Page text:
When people think about a flexible brand new material that’s light and strong, the first thing that pops into mind is a better cell phone screen. Polyaramide film 2DPA-1 is as light as plastic, “yet stronger than steel and 4–6 times harder to damage than bulletproof glass.” It can even survive being sat on.
MIT’s new material
Another major breakthrough material just escaped from the labs at Massachusetts Institute of Technology. It’s super-plastic! Lighter and stronger than steel while also at least four times harder to shatter than bulletproof glass.
MIT has a reputation for doing the impossible and they did it again by achieving “polymerization in two dimensions.” Another added benefit, “unlike other polymers, whose coiled chains of monomers leave gaps between them that allow gases to seep through, 2DPA-1’s monomers lock tightly together like LEGO bricks, making them quite impermeable.”
DNA like strings of “polymers” are spun from “small atoms called monomers” which link up “to form long, spaghetti-like chains.” We use it for everything that can be shaped into three-dimensional objects with injection molding, like water bottles.
This new material does something really amazing. It self-assembles into “two-dimensional sheets that are more like lasagna than spaghetti.” Wait until the genetic engineers learn that trick.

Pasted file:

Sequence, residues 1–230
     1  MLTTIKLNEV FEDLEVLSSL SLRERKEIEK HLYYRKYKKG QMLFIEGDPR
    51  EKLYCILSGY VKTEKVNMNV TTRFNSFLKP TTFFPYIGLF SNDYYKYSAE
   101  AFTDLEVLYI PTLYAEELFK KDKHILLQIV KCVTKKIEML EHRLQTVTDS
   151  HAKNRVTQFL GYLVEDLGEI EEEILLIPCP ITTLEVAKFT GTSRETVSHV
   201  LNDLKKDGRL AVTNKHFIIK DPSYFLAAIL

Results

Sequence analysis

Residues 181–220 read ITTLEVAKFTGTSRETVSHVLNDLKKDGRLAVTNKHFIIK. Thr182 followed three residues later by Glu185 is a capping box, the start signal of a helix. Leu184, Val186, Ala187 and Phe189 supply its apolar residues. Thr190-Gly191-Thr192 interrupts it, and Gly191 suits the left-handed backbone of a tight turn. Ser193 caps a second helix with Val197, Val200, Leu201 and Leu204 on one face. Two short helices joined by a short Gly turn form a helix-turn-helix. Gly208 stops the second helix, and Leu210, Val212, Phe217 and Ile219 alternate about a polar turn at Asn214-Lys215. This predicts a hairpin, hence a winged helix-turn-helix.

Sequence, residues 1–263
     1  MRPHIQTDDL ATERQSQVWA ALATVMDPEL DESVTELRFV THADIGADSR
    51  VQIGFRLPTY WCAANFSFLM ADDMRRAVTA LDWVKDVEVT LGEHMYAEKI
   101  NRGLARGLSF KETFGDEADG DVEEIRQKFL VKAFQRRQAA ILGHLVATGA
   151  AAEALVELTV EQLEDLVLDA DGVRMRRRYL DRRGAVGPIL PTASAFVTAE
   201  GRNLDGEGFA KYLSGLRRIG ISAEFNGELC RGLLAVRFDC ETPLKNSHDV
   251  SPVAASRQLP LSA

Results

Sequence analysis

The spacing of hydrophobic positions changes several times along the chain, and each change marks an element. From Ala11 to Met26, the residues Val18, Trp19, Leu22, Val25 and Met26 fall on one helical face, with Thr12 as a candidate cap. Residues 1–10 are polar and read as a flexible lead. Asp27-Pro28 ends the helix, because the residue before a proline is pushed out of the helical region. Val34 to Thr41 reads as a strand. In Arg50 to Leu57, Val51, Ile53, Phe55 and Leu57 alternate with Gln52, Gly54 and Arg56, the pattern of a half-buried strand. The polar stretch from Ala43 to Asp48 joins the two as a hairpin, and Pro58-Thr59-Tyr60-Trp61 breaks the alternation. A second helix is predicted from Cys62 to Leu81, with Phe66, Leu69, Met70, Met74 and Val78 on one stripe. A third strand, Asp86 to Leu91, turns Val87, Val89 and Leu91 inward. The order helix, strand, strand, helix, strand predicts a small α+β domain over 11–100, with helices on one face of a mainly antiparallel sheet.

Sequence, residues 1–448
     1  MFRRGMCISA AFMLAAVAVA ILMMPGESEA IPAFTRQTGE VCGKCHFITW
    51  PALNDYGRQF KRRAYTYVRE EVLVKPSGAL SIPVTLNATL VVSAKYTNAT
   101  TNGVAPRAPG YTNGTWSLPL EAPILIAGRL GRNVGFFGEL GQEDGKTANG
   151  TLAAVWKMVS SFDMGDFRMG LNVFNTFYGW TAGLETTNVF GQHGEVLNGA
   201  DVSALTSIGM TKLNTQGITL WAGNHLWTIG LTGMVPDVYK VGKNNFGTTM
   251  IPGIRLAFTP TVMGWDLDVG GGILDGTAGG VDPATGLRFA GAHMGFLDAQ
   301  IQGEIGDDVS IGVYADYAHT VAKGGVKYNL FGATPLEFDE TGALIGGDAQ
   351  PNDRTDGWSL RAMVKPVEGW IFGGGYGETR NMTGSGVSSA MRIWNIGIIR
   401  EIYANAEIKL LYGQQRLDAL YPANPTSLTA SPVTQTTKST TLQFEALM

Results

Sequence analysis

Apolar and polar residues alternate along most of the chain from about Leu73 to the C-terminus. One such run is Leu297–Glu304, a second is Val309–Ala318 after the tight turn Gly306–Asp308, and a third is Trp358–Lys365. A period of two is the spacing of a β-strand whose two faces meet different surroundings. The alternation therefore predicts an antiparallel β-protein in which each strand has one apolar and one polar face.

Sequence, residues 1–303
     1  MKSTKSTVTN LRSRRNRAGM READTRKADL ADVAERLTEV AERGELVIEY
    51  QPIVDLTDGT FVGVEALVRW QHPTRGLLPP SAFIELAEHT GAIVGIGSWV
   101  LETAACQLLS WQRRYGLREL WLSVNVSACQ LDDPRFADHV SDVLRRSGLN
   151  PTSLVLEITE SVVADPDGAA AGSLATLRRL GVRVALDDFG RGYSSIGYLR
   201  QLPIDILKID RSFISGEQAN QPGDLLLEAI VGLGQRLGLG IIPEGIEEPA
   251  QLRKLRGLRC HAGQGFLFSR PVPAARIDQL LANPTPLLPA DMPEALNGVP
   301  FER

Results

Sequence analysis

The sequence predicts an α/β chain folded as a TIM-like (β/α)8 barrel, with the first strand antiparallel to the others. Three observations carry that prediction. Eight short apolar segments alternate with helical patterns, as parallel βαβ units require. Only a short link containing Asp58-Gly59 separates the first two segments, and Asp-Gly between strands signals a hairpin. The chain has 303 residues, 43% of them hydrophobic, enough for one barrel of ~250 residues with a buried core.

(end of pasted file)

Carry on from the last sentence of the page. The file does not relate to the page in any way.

The scientists call their new wonder plastic “polyaramides” and explain that they “stack on top of each and are held together by robust hydrogen bonds.”
That makes them interesting for use in a wide range of applications, other than cell phone screens. It will make a great undercoat for cars, as well as to protect the paint. It can even be used as a “large-scale construction material.”
It can support a building
Polymer chains are part of life, literally. Proteins like DNA and RNA are polymers. So are cellulose, plastics and Teflon. Until Professor Michael Strano and his team came along, everybody thought that one dimensional chains were the only option.
The breakthrough came when they figured out how to coax a few special varieties of monomers to “create 2D, sheet-like monomers that form layered materials that are both lightweight and extremely strong.” Professor Strano points out that “we don’t usually think of plastics as being something that you could use to support a building, but with this material, you can enable new things.” It has some really unusual properties “and we’re very excited about that.”
For decades, researchers have been banging their head against the wall and came to the conclusion that “this was impossible, in part because of how it only takes one monomer to twist out of the sheet’s growing plane for the whole thing to lose its desired form.”
The answer to the revolutionary material is in your utensil drawer. One of those ubiquitous melamine spoons, spatulas or other pieces of common plastic tableware.
Melamine is “composed of rings of carbon and nitrogen.” When you feed some of it into a tank, along with the right monomer soup, the stuff spontaneously self assembles with the melamine forming “tiny two-dimensional disks which stack on top of each other.”
For added stability, each layer is “held together by hydrogen bonds, making it extremely strong and stable.” Because “the material self-assembles, it can be easily produced in larger quantities just by increasing the amounts of the starting ingredients.“